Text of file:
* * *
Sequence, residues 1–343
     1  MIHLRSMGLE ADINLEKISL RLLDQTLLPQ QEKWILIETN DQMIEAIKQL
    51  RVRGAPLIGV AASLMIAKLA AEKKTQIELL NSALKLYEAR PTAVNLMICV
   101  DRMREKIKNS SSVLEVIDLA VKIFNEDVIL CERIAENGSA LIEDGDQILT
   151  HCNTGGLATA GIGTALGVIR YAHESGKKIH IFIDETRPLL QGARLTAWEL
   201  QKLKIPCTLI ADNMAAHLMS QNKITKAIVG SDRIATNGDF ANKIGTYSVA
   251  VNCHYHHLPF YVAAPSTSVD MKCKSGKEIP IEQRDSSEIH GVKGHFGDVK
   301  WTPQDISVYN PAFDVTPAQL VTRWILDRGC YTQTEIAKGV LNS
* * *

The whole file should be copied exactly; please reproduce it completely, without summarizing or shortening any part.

Sequence, residues 1–343
     1  MIHLRSMGLE ADINLEKISL RLLDQTLLPQ QEKWILIETN DQMIEAIKQL
    51  RVRGAPLIGV AASLMIAKLA AEKKTQIELL NSALKLYEAR PTAVNLMICV
   101  DRMREKIKNS SSVLEVIDLA VKIFNEDVIL CERIAENGSA LIEDGDQILT
   151  HCNTGGLATA GIGTALGVIR YAHESGKKIH IFIDETRPLL QGARLTAWEL
   201  QKLKIPCTLI ADNMAAHLMS QNKITKAIVG SDRIATNGDF ANKIGTYSVA
   251  VNCHYHHLPF YVAAPSTSVD MKCKSGKEIP IEQRDSSEIH GVKGHFGDVK
   301  WTPQDISVYN PAFDVTPAQL VTRWILDRGC YTQTEIAKGV LNS